Susan O'Brien QC says she cannot reassure the public that Scotland's national child abuse inquiry will be conducted independently of government
The chair of the inquiry into historic cases of childhood abuse in Scotland has quit her post after being threatened with the sack for comments she made at a training session.
Susan O’Brien QC handed in her resignation to deputy first minister John Swinney after he started the formal process to have her removed following a complaint to the inquiry made by an expert in child abuse trauma. The expert said O'Brien made comments that indicated a belief system that is incompatible with the post of chair of such an inquiry.
In her letter of resignation O’Brien however claimed government officials were trying to control the inquiry and that she could no longer vouch for its independence thus leaving her with no option to resign.
Senior psychologist Dr Claire Fyvie, head of services at the Rivers Centre at the Royal Edinburgh Hospital, which was tasked with providing support for those giving or listening to evidence during the inquiry, wrote O’Brien had recalled that someone affected by childhood abuse in a boarding school had described it as “the best thing that had ever happened to [them].” She also said O'Brien had suggested a teacher accused of abuse may simply have had a hole in his trousers.
In O’Brien’s resignation letter the QC defended herself saying she had done nothing wrong.
My trust that the Scottish Government will actually respect the independence of the inquiry has gone
She said the remarks were made in passing during a training session in February and the first was her accurately reporting, without endorsing, what a survivor had said to her about his attitude to his own abuse.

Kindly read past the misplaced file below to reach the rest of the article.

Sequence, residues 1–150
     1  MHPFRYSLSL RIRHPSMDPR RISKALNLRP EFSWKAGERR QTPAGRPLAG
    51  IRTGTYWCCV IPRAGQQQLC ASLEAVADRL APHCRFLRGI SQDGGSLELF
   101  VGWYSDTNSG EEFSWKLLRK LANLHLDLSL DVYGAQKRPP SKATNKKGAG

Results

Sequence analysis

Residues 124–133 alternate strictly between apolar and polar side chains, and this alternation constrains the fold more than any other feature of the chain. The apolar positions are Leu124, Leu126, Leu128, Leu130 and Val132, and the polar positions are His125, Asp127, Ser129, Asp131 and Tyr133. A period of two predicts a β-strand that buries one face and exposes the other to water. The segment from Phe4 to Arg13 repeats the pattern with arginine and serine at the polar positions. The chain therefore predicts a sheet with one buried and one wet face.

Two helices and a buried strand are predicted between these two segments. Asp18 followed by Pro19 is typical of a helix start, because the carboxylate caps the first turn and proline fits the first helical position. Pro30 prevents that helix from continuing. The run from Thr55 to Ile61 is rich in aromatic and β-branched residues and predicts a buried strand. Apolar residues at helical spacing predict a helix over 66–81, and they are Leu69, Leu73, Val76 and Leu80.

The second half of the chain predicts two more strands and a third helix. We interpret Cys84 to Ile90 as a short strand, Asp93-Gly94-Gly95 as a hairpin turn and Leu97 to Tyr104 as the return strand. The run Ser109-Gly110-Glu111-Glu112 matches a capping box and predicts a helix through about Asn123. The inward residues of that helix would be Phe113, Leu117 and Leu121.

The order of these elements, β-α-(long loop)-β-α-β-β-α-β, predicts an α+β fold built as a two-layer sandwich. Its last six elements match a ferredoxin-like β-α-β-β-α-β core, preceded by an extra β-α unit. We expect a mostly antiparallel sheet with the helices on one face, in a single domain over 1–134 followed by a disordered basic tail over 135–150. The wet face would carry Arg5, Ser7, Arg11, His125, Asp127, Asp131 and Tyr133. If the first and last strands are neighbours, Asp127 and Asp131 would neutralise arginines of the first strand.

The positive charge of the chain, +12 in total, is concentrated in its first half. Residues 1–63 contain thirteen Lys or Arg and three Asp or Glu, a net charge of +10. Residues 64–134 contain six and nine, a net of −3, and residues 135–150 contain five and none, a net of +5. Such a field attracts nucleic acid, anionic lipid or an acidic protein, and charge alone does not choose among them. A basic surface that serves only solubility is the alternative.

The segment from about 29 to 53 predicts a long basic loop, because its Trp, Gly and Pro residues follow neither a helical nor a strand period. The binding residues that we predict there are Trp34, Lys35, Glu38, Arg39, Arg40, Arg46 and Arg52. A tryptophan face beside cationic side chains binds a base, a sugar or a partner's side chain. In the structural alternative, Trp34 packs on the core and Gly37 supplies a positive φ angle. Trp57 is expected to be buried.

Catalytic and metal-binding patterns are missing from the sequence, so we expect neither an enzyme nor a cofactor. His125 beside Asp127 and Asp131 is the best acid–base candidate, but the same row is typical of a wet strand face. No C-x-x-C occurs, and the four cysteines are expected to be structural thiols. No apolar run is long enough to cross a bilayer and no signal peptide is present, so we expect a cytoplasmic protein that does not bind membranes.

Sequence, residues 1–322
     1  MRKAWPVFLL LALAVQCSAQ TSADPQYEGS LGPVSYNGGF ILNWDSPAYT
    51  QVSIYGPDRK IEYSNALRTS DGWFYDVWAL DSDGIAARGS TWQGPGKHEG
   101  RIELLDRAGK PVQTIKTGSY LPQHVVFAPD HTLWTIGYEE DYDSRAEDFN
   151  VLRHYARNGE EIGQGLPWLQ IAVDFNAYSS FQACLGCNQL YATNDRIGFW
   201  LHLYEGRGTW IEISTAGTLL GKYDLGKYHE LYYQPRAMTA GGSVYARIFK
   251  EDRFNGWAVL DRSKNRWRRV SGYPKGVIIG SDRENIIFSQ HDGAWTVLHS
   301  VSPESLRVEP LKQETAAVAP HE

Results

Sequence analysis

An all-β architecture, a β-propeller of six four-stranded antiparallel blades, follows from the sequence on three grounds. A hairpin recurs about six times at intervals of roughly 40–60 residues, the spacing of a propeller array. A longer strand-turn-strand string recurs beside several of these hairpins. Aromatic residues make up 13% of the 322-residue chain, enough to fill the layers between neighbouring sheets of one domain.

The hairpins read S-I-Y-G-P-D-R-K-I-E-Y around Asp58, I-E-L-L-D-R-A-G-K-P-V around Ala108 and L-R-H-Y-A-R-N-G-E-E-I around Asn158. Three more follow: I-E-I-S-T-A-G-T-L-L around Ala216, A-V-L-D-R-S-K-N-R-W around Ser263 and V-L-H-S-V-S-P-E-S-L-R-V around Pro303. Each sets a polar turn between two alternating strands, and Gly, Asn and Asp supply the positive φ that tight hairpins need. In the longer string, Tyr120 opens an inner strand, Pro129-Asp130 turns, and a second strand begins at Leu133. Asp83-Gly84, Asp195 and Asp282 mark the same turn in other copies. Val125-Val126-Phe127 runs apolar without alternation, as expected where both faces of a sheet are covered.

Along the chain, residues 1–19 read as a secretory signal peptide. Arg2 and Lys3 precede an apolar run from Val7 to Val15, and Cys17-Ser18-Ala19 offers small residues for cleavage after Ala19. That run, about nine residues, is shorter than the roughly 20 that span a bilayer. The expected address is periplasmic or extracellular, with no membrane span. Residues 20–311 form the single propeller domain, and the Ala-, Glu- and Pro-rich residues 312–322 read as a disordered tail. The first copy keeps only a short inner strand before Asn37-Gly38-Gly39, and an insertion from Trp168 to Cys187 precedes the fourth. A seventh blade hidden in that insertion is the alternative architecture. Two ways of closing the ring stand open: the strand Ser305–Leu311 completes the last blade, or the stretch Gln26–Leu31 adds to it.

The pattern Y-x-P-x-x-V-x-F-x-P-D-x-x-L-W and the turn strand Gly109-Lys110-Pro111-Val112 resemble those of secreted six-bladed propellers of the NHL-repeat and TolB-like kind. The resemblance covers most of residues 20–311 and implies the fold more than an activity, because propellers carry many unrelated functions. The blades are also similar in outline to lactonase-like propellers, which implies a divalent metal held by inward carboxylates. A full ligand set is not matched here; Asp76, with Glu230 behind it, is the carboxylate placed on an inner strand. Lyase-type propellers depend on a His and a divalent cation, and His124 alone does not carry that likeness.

The second was a reference, O’Brien said, to newspaper reports of a recent trail.
In a blistering attack on the Scottish Government O’Brien said officials had “sought to micromanage and control the inquiry” – echoing similar comments made by Professor Michael Lamb who last week quit the panel heading up the inquiry.
She wrote: “Since you have approached the dismissal of a chair so casually, on the basis of misunderstandings and inaccurate allegations about my “attitudes and beliefs … with regard to survivors of child abuse”, I have no confidence that you would not try to dismiss me again another time, even if you decide against dismissal now.”
She continued: “I cannot reassure the public that this inquiry will be conducted independently of government. My trust that the Scottish Government will actually respect the independence of the inquiry has gone. You have therefore left me within no alternative but to resign. I do so with a heavy heart, as I am clear that there is a real need for this Inquiry to take place.”
Reacting to O’Brien’s resignation Swinney released a statement defending his decision to begin proceedings against her.
He said: “The comments made were considered by a leading abuse trauma expert to be totally unacceptable and to indicate a belief system that is incompatible with the post of chair of such an inquiry; to be offensive to survivors and to lack any context in which they could be seen as acceptable. What’s more, these actions had the potential to cause the loss of confidence of survivors – the very people at the heart of the inquiry.
“Given the severity of those concerns, I felt I had a duty to initiate statutory proceedings which could have led to removal of the chair from post. Ms O’Brien’s resignation clearly now means that process has not been concluded and frees me to now share the facts of the case with parliament. I am happy for a committee of parliament to consider this matter and any claims made by the chair.”